I think you’re on the right track, but wrong about any expectation for dividends. Growth in price, from the eventual expectation of income, is more like what I’d say investors expected. Tesla can go ahead and reinvest it. This has to come from some earnings, even if retained and not paid as dividends. The step TSLA’s valuation is taking is like a Net Present Value, NPV, where the first cash flows are getting progressively more negative, before some hope of earnings after 5-10 years. Solar city has debt, which means interest payments. Tesla’s convertibles aren’t even 1%, but all this could change, too. The convertibles will need refunding around 2020, I think. Is Musk thinking about rates possibly rising for him, or everybody? The typical stockholder wants a “good quarter”. This is pretty far removed from that. The risk is higher, and the time to return is proposed to go out a lot longer, and get more fuzzy. One thing I’m understanding less about Tesla, from a financial perspective, is lot of companies are growing fast enough that that they are cash flow negative, but still earn income. Reinvesting earnings does not mean “no income”. Having an accounting regard for… Read more »
pjwood1 said: “Tesla is effectively saying current costs, attributed just to produce current revenue, are leaving them with a negative number.” Well, if that’s true, then my basic understanding about Tesla’s ability to make profits is completely wrong. How can Tesla claim to make ~22-25% gross profit if they are actually losing money on building and selling cars? Clearly you understand finances better than I do, pjwood1, but this seems pretty straightforward: ~~~~~~~~~~~~~~~~~~~~~~~~~~~~~~~~~~~~~~~~~~~~~ What is ‘Gross Profit’ Gross profit is a company’s total revenue (equivalent to total sales) minus the cost of goods sold. Gross profit is the profit a company makes after deducting the costs associated with making and selling its products, or the costs associated with providing its services. Gross profit will appear on a company’s income statement or can be calculated with this formula: Gross profit = revenue – cost of goods sold ~~~~~~~~~~~~~~~~~~~~~~~~~~~~~~~~~~~~~~~~~~~ source: Investopedia http://www.investopedia.com/terms/g/grossprofit.asp#ixzz4D2INtGji So if gross profit includes all those expenses, where is there room for Tesla to have a negative cash flow if not from borrowing money and servicing its debt? Is there really that big a gap* between GAAP and non-GAAP accounting? *pun intended Perhaps you can’t simplify the complexity of… Read more »
Normally, gross profit is further reduced by the “corporate office” or salary, general and administrative expenses and anything else current, that falls “below the line”. So, there is one more step against the 20+% margins they report on Model S. All car companies are compared, among other ways, using gross margin. Lower segment makers are good, if they net 8-10%, with a laggard like VW (not Porsche/Audi) reporting ~2%, I believe. I don’t cover autos, but I do work the utilities. From your link: “How Tesla compares to the big guys The reason why those attention-grabbing figures are misleading is that they include operating expenses, which includes all of the investments that the company is making to fund future growth. That includes R&D, design, and engineering expenses, as well as massive amounts of capital expenditures to build product tooling and manufacturing infrastructure. Tesla’s gross margin is actually quite impressive… ” I think he’s wrong, in so far as Tesla’s balance sheet wouldn’t grow if it expensed all of its investing from revenue (and they didn’t do any capital raises). The decision he implies Tesla is making with its accounting, is to expense rather than capitalize assets it is investing in… Read more »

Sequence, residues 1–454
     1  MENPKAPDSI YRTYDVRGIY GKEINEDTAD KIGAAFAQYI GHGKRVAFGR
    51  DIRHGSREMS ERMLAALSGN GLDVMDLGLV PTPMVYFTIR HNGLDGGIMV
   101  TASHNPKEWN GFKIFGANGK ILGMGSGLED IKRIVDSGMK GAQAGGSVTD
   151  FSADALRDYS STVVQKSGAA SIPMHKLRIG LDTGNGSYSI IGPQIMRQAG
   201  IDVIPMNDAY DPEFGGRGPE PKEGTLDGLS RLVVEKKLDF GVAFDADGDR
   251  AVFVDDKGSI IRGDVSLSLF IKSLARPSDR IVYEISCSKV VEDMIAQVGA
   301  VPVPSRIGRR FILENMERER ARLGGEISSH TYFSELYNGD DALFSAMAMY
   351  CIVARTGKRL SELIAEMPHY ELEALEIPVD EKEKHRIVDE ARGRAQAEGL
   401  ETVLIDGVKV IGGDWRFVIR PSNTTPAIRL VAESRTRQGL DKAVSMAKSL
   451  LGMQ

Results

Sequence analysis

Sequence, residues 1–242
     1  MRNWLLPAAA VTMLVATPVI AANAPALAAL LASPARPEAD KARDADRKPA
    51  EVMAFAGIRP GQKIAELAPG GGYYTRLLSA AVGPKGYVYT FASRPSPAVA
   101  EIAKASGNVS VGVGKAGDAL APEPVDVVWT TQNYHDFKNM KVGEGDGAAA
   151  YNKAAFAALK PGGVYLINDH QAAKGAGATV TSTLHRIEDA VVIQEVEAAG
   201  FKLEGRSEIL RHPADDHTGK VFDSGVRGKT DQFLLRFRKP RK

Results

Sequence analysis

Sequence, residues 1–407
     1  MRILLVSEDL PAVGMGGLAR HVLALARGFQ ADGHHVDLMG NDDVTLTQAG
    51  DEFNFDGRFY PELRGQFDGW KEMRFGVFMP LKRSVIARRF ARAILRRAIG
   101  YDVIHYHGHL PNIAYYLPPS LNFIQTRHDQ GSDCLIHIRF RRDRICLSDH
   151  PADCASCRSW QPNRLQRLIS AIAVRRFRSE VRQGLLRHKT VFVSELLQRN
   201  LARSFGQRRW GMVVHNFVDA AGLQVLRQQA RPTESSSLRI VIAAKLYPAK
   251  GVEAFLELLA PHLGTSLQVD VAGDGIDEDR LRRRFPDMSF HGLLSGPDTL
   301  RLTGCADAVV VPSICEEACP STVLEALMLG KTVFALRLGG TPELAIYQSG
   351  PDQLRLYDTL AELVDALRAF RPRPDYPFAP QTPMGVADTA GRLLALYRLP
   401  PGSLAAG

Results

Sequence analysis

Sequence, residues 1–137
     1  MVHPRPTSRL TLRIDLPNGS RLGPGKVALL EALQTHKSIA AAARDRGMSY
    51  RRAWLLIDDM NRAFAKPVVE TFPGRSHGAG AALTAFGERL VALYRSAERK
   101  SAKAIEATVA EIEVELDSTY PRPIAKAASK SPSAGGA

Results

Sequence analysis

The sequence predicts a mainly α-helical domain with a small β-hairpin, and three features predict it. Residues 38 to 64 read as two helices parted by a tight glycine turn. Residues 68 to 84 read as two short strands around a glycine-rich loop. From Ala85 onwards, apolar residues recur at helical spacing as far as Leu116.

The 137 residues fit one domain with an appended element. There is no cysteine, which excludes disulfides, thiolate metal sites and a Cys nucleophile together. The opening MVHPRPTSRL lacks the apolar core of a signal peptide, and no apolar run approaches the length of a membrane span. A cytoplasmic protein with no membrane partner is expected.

Whether this deal makes sense depends to some extent on the Silevo technology. If it really is as good as Musk claims then the deal makes sense. If it is not then Tesla might be in trouble.

There’s tons of competition in solar and it doesn’t stand still.

The Chinese giants already have economies of scale.

How do we know Silevo tech STILL is the best in 2020+?

Silevo was acquired years ago – and the solar factory in NY won’t go online before 2017 (plus tons of debt by SCTY that requires re-financing, see my comment above).

SCTY is a money pit for TSLA. This is simply a bailout disguised as a merger.

PS: If the merger fails, I see SCTY going the way of SUNE, now SUNEQ in a few months.

Told ya…

Elon is losing confidence of his investors exactly what I predicted a couple of days ago. He will survive this but he will have a harder time to raise cash in the future.

…and TSLA is going to take a “show me” plateau.

If ctw doesn’t believe in Elon Musk they otta walk away.

+1
This gets to the heart of the issue and I totally agree. Let them invest in some low yield safe bond if they don’t like the high risk TSLA stock represents. If the bean counters / investors want to maximize profits, then go invest in GM or FORD. Elon Musk does things differently. Investors can either ride this amazing trip into the future or invest elsewhere.

There is a surefire cure for this. Just have the stock go up, which it is currently doing.
Suits of this sort do come up and usually have little chance of success, considering the pittance they group owns.
One reason Musk owns so much stock.

“Suits of this sort”